As you may have seen on Sky News or the cover of the Independent this morning, our researchers have been conducting a three-year investigation in what really happens to electronic waste. The results show that, instead of being recycled responsibly like it's supposed to be, e-waste is being disguised as second-hand goods and being shipped of to (in this case) Nigeria. There, it's sold, scrapped or illegally dumped.
Acting on a tip-off, we launched our operation in collaboration with Sky Television to see just where some electronic waste was ending up. We took an unfixable TV, fitted it with a tracking device and brought it to Hampshire County Council for recycling. Instead of being safely dismantled in the UK or Europe, like it should have been, the council’s 'recycling' company, BJ Electronics, passed it on as 'second-hand goods' and it was shipped off to Nigeria to be sold or scrapped and dumped.
For the first time we were able to track the e-waste from door to door, exposing the loopholes in recycling programmes that allow illicit profits to be made by the developed world's traders by dumping their obsolete and hazardous electronics abroad instead of properly recycling them.View the Following The E-Waste narrated
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Thousands of old electronic goods and components leave the EU for Africa and other destinations in the developing world every day, despite regulations prohibiting the trade in e-waste. Some will be repaired and reused, but many are beyond repair, meaning that they will eventually be dumped in places where no facilities exist for safe recycling.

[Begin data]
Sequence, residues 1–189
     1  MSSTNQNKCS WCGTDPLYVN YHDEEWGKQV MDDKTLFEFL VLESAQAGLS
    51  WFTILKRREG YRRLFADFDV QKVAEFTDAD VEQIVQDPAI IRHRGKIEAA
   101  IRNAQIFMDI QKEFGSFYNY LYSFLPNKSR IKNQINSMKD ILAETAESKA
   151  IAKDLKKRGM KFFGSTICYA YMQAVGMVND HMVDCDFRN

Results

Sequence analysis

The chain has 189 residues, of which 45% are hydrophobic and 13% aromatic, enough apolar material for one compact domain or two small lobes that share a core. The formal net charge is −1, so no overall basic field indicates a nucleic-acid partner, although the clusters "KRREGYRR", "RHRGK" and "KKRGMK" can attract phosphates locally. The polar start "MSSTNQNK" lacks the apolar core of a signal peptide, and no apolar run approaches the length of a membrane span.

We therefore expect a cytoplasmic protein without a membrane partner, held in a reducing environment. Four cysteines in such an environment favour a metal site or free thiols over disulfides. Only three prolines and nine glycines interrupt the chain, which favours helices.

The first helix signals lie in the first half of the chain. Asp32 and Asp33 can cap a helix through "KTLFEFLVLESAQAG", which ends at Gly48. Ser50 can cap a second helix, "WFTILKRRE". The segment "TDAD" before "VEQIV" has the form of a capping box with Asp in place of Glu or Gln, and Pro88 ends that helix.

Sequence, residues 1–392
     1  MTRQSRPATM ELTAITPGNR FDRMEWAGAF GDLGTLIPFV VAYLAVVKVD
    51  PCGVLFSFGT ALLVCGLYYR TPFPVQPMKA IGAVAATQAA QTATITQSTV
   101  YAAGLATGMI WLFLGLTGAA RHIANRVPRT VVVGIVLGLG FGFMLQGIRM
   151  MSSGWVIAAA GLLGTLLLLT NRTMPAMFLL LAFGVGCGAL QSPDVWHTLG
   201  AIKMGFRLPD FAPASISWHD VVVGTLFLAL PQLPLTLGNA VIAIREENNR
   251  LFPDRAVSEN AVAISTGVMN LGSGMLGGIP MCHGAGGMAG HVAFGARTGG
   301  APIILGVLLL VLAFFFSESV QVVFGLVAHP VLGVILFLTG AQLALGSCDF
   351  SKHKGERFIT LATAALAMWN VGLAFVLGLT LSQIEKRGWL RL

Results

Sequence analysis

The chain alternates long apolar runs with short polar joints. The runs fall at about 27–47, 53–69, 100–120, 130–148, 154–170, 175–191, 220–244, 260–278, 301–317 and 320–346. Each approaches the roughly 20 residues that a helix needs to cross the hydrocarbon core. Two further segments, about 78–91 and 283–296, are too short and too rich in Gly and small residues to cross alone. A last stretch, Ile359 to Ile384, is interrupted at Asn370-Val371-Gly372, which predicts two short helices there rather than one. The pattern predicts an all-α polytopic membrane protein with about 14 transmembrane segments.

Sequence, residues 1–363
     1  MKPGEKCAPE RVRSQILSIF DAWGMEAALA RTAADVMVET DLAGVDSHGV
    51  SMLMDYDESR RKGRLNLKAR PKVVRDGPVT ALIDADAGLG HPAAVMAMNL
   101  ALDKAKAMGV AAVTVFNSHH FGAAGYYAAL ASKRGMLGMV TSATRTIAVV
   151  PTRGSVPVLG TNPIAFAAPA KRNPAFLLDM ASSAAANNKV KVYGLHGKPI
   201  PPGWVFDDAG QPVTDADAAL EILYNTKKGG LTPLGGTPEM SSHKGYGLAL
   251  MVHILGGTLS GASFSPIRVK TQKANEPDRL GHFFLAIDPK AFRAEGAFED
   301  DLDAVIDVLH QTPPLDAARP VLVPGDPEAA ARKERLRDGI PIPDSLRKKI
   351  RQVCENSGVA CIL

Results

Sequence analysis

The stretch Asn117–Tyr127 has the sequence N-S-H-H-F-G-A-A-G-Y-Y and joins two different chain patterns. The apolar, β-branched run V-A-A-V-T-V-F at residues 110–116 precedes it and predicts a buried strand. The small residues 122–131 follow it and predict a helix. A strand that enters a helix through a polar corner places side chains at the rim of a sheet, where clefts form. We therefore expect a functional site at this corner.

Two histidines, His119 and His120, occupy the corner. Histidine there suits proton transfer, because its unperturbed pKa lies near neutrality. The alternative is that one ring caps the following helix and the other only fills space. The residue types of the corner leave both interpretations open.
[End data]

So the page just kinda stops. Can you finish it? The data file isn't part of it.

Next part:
Nigeria, like Ghana, Pakistan, India and China, is just one of many destinations that Europe, the United States, Japan, South Korea and other developed countries are using as toxic e-waste dumping grounds. For years, we’ve been exposing the mountains of e-waste that show up on the doorstep of developing countries at the expense of people and the environment.
The poorest people, in many cases children, are put to work breaking apart TVs, mobile phones, game consoles and other electronic items that arrive in their tonnes. With no safety measures, they are exposed to highly toxic chemicals, including mercury, which damages the brain; lead, which can damage reproductive systems; and cadmium, which causes kidney damage.
So what's the answer? First of all, companies can make sure their goods are free from hazardous components. We also need them to take full responsibility for the safe recycling of their products and put an end to the growing toxic e-waste dumps across the developing world. And we need companies to introduce voluntary take-back schemes and remove hazardous substances from their products so they can be recycled safely and easily.